Wednesday 27 August
Weather: overcast, dry and breezy
On site: Keith Fitzpatrick-Matthews, Sarah Ironmonger, Alan Goodwin, Phil Thomas, Oscar Farley, Georgina Farley, George Hunt, Nick Smith, Zara Cameron, Nigel Harper-Scott, Tony Driscoll, Philip Dean, Christl Squires, Hilary Wood, Mick James
It’s the last week on site and it’s become abundantly clear that we are not going to finish the trench this year. We were perhaps over-ambitious with the size but the weather has also been against us: it has been far too dry. Perhaps next year we should consider a spring excavation rather than summer, or sort out a means of using a hose on site to give it a good soaking regularly throughout the day. We also need to recruit some more confident and experienced diggers (it’s tempting to suggest that we should employ one or two professionals, but I doubt that the budget can take that as well as a supervisor).
We’re being visited this morning by Dione, Lady Verulam, who is Lord Lieutenant of Hertfordshire. She has an interest in archaeology, so it’s good that her visit to North Hertfordshire coincides with the excavation; we will also have a senior manager from the council here, which can only serve to further the cause of museums and, in particular, archaeology as something that local taxpayers should fund. Even if there’s not much to see in the ground, we do at least have a few pretty finds.
Today’s priorities will be to complete the removal of (7)/(8) and (9); to remove the deposit below (9), which appears to seal the road surface, (12); and to find out the relationship between the deposit sealed by (7)/(8) to the north-west and (14) to the south-east. The forecast is that today should be dry, but the clouds are worryingly grey.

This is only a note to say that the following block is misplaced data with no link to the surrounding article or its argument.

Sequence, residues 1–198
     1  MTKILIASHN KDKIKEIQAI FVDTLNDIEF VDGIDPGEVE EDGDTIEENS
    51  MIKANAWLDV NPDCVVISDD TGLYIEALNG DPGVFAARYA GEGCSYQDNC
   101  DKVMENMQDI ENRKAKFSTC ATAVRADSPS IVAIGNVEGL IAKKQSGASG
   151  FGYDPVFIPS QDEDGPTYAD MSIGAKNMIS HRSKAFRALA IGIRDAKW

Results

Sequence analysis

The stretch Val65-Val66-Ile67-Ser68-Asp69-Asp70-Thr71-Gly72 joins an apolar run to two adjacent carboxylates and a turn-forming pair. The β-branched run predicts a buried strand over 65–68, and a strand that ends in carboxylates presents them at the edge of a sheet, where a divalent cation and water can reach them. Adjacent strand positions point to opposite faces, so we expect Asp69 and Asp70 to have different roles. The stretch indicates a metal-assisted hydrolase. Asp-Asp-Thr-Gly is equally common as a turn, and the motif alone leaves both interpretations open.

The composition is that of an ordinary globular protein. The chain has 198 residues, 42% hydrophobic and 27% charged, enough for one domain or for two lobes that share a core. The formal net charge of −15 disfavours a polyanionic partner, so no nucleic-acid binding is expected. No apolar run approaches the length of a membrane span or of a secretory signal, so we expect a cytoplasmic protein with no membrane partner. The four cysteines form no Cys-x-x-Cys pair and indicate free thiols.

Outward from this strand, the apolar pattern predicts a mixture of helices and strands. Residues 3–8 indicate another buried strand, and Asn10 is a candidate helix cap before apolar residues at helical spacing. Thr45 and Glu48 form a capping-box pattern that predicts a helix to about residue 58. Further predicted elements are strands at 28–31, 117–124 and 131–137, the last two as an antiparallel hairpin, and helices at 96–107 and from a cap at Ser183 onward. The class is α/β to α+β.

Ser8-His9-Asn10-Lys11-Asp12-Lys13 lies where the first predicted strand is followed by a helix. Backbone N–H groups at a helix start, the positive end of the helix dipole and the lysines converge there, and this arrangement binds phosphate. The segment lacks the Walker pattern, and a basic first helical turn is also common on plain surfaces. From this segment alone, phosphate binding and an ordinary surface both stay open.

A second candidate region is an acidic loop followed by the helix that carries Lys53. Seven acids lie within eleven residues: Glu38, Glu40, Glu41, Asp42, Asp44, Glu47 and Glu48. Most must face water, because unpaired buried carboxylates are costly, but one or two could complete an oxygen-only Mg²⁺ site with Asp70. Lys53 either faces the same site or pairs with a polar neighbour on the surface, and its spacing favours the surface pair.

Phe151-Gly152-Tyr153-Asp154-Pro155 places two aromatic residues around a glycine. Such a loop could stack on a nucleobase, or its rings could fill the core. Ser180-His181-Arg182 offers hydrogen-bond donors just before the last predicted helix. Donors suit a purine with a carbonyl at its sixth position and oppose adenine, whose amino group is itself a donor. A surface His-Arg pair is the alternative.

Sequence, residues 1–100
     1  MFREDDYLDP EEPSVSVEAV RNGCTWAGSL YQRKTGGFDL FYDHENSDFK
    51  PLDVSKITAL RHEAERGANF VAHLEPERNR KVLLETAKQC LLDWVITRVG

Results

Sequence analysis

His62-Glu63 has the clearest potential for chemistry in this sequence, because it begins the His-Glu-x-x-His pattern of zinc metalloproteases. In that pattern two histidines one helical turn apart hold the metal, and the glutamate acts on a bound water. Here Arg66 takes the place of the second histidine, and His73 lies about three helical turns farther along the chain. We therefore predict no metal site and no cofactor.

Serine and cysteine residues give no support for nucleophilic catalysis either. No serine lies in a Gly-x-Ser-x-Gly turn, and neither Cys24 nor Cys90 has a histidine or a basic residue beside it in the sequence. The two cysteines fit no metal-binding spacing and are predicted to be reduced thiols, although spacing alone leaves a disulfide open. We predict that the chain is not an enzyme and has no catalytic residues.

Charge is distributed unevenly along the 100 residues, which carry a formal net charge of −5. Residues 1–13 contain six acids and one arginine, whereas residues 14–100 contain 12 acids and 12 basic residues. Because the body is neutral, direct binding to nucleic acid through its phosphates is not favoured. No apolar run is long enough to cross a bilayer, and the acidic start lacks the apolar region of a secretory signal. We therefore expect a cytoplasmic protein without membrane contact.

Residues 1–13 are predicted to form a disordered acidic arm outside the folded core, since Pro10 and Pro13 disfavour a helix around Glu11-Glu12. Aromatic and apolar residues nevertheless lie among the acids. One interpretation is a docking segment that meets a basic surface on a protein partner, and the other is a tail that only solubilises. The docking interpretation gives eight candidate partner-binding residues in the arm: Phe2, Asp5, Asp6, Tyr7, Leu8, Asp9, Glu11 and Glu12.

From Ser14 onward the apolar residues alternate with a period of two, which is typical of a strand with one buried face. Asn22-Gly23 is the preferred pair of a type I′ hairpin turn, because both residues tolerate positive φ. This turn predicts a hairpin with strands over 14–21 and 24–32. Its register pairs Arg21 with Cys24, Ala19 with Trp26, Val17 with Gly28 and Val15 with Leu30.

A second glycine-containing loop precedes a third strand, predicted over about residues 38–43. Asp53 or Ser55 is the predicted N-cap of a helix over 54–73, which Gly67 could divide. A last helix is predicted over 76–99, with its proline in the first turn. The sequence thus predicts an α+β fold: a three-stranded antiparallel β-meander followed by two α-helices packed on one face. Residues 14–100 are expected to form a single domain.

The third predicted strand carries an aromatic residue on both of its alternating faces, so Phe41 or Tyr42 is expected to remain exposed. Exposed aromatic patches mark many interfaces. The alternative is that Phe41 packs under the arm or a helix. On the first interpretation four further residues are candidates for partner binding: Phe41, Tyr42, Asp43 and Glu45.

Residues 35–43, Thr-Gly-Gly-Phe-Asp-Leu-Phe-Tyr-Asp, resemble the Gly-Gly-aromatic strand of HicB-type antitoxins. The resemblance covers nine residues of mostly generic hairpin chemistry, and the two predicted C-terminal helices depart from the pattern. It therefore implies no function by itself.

I’m hoping that if we can complete today’s priorities, by tomorrow we will have something concrete to show the visitors to the open evening: a floor, perhaps, or structural traces.
Lady Verulam was accompanied to site by John Campbell, the Chief Executive of the Council, and Alison Ashley, the Chairman of the Council. I was able to show her some of the nicer finds and the trench. She seemed impressed with the community involvement, as did the NHDC representatives.
The ground is dreadfully hard and needs regular spraying to stop it drying out too much. Mick has found part of a tyg (a late sixteenth- or seventeenth-century cocoa mug) in deposit (7)/(8), which further confirms its early seventeenth-century date. To the south-east, the ground is so dry and hard that it’s all but impossible to excavate: it’s tending to come away in lumps or not at all. There is a fair amount of what looks to be late medieval/early post-medieval tile, which encourages me to think that there must be a building in the vicinity. Perhaps the material under (7)/(8) derives from its demolition.
Around mid-day, Ken Bird dropped in to visit the site. He’s still weak from his recent illness (he lost a stone in weight) but is now on the road to recovery and should be back in circulation soon. Cameron also called in at lunchtime; it’s his birthday tomorrow, but he’ll be in on Friday.
I had to leave for a meeting at the museum at lunchtime and during the afternoon, further progress was made on the removal of (7)/(8).